In March 2018, Tawonga staff alumni and volunteers planted 100 trees on Tawonga’s property at the second annual Spring Service Weekend.
For some participants, it was their first time back to Camp in many years. The group planted Black Oaks, Ponderosa Pines and Incense Cedars near the challenge course. They also planted olive trees, pomegranate trees and raspberry vines in the newly expanded area of the garden.
Maya Amichai, who volunteered during the weekend, reflected, “It felt truly rejuvenating to spend the weekend connecting with and contributing to a place that gives so much.”
Young Alumni Seder
During Passover 2018, 30 Tawonga alumni gathered for a social justice-themed seder at Wise Sons Jewish Delicatessen in San Francisco’s Mission District.
Participants recited the age-old story of the Israelites’ exodus from Egypt while reflecting on current social justice issues. Our passionate young alumni remind us that nobody is free until everybody is free – and that there’s still so much work to do.
Nearly 100 Tawonga alums gathered in 10 cities across the country for the first-ever Tawonga@Home Alumni Shabbat in November 2018.
A broad swath of Tawongans and their friends gathered for a memorable evening of Jewish community, reuniting and, of course, really good food.
“Young alumni exist all over the world and are constantly moving,” noted Young Alumni Board Co-Chair Perry Fox. “That’s why we wanted to create an experience for our alumni wherever they are to gather and reconnect with each other.”
Many alums recognized the importance of community during this post-camp, pre-family period of life. One participant shared, “The best part of the night was feeling Tawonga away from Camp, engaging with other Jewish adults and actually having the space to connect with my Judaism with people my age.”
New Central Bathhouse Open
Campers in summer 2018 were the first to use the beautiful new Central Bathhouse. It has all the features you would expect from Tawonga’s commitment to the environment, inclusion and maintaining the rustic nature of our site. (Watch the video to see for yourself!)
The building was able to easily accommodate whole cabin groups at once (of 12 kids each) for brushing teeth, taking showers and washing up for meals. Kids who preferred more privacy loved using the “homestyle” private bathrooms that are open to all genders. They all enjoyed seeing the natural wood finishes made from Tawonga cedars and the camper art and murals, salvaged from the old Boys’ Bathhouse built in the 1960s. Nothing like a little Camp history to spruce up a building!
The versatile layout of the fully insulated new Bathhouse provided a much improved experience for Family Camp participants as well. The unique design has six different entrance doors, allowing us to change the layout and the gender configurations from program to program and accommodate more people. Plus, the new septic and grey water systems align with our environmental sustainability goals.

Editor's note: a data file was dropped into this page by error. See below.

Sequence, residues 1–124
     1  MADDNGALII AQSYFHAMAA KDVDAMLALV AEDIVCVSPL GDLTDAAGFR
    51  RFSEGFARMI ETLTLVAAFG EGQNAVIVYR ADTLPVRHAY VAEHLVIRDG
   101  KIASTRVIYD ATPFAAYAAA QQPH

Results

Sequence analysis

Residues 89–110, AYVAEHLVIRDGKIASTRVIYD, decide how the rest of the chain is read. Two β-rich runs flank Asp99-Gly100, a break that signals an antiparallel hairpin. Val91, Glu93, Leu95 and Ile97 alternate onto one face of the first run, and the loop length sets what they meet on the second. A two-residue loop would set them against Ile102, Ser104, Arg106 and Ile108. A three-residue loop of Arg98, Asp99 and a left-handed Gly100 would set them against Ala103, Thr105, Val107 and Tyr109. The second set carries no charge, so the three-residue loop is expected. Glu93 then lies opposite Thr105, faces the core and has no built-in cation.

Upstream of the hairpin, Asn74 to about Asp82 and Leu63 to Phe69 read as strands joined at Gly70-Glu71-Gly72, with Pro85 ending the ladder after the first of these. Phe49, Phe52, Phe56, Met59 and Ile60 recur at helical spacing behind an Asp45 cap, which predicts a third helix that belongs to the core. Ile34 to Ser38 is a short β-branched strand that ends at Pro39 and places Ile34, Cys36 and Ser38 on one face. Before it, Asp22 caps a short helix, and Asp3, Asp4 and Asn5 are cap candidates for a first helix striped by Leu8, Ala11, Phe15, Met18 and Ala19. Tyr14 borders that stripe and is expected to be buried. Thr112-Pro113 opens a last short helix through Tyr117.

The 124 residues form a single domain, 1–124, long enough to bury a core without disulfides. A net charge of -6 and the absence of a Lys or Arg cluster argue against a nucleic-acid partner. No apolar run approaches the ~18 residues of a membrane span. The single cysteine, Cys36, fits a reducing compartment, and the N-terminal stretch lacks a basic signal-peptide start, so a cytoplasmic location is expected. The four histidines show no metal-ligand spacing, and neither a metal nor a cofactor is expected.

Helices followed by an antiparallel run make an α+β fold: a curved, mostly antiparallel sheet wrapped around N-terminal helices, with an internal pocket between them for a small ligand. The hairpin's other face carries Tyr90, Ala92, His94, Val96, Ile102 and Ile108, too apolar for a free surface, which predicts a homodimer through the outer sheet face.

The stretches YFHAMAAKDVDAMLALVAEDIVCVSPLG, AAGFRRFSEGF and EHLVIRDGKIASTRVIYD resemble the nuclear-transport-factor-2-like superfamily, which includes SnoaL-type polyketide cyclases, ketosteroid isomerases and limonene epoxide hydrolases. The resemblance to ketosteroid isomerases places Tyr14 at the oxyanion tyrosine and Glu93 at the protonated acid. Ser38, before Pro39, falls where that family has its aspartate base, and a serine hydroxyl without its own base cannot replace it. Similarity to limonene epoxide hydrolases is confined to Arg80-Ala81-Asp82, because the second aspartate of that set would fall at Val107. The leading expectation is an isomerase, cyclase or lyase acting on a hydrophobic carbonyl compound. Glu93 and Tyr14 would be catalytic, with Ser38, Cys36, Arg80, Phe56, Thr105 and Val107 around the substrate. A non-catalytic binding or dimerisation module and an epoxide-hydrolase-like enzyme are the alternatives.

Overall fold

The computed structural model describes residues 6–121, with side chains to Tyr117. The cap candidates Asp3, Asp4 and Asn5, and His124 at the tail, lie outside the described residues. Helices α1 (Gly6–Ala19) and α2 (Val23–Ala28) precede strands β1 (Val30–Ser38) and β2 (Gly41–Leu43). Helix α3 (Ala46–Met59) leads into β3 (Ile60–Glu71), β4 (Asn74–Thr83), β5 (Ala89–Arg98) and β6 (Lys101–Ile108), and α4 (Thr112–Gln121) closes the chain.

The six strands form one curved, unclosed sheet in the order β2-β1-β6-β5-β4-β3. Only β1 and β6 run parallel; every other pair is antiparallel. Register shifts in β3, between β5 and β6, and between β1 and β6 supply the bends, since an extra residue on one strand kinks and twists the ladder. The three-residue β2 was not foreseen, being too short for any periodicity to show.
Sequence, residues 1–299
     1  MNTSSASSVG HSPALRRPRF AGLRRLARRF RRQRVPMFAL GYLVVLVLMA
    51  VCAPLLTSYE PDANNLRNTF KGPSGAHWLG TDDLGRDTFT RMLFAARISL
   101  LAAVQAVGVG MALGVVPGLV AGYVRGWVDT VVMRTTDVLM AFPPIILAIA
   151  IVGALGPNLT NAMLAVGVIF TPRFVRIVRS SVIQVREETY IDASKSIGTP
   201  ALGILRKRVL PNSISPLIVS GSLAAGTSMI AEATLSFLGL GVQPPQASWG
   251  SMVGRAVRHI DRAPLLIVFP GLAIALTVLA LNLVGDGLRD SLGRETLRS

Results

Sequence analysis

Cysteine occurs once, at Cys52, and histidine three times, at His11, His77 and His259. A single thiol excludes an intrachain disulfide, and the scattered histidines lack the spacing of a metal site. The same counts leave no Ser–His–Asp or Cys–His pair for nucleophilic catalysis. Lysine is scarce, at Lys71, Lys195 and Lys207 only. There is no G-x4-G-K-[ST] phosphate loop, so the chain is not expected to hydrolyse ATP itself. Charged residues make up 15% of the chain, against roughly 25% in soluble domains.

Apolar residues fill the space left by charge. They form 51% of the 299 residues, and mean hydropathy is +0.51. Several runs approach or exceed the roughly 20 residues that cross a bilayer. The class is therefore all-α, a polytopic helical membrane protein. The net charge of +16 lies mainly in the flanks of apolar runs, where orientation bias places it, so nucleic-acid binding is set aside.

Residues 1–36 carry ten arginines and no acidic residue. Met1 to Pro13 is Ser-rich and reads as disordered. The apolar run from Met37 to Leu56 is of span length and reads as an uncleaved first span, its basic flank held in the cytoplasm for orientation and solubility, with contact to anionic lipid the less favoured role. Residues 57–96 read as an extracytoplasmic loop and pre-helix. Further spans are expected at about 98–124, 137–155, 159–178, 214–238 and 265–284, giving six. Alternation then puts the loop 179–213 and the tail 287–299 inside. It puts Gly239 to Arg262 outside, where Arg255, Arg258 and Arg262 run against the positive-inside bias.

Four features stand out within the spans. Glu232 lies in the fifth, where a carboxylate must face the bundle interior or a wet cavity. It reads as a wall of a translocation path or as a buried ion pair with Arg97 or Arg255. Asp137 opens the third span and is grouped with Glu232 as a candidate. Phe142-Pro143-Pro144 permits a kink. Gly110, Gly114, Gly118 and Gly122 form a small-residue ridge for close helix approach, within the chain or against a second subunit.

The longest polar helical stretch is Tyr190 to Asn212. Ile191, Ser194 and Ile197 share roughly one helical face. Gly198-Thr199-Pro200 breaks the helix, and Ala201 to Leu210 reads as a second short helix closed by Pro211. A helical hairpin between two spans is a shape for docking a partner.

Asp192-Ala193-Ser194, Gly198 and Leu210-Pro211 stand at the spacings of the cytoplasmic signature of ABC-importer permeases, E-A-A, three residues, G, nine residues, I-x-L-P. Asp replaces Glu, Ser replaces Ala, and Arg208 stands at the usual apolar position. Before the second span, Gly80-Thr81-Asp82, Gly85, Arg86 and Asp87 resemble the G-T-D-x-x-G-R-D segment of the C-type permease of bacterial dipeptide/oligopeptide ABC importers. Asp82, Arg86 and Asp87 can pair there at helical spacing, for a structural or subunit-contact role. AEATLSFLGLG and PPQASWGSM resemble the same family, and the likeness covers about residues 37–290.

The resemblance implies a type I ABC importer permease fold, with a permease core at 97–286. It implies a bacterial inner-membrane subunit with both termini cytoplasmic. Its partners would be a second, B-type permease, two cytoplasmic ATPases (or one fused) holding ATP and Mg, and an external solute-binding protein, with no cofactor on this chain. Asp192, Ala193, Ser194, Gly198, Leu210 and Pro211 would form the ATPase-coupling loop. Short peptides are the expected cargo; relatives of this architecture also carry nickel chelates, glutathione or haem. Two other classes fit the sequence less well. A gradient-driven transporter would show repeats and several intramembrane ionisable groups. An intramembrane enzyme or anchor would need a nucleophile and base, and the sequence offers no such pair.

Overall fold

Teen Winter Retreat campers got a kick out of using the new radiant floor heating system which kept the Bathhouse warm and toasty during their chilly December program. Eventually, this winterized facility will allow us to offer more year-round Camp experiences.
New Camper Cabins Rise
Work began on four new cabins in fall 2018. As history and tradition are important at Camp Tawonga, before demolishing the 50-year-old outdated cabins of G-1, G-2, G-3 and G-4, we photographed the locations of all the camper-made plaques and saved them for re-installation in the new cabins. The new cabins will offer an equitable camper experience across all age groups.
The bunks will look just like the rest of the surrounding Girls Side cabins, with copious windows and — this is huge for the kids — a front porch large enough for the whole cabin group to pull out their mattresses and camp out under the stars. The cabins will also be fully insulated to make them both cooler in the summer and warmer in the spring and fall.
One other feature of the new cabins just for Family Camp participants will be a pair of electrical outlets to meet the needs of our youngest and oldest campers – whether a baby monitor or sleep apnea machine. This outlet is hidden inside the cabin, unnoticeable, to retain the rustic Tawonga camper experience.
Dining Hall Remodel Begins
The U.S. Forest Service’s Climate Change Resource Center urges land managers like Tawonga to take seriously “the climate changes happening now.” In 2018, we took note, breaking ground on an eco-friendly remodel of our Dining Hall. This project will accommodate our growing Camp population while addressing climate issues.
As summers are now hotter and drier, we are creating novel ways to keep this iconic gathering space comfortable for our entire Camp community. For summer 2019, we are combining an evaporative cooling system with a louvered ceiling vent to provide fresh, cool air and eliminate the need for a traditional closed-loop air conditioning system.
For the cooler months, the remodeled Dining Hall will have the same eco-friendly radiant floor heating system that we just completed in the Central Bathhouse. Family Camp parents will appreciate this energy-saving method, and toddlers will delight in the new warm tot corners.
The square footage of the Dining Hall will grow by 16%, pushing its southern wall toward the direction of Arts & Crafts to accommodate all diners more comfortably and to allow for four more tables – all while maintaining the building’s classic woodsy feel. Our renovated Dining Hall will enable us to keep pace with changes in the climate and sustain this central gathering space.
Fees cover just 80% of what it costs to provide Camperships, design innovative programming and maintain our 166-acre property.
Donations bridge the gap and make Tawonga accessible to everyone.
Dedicated Donors Spotlight
I Give Because
"Giving is the right thing to do. Tawonga impacted my life in such a positive way. I want to do whatever I can to allow another kid to have that experience or to make that experience better."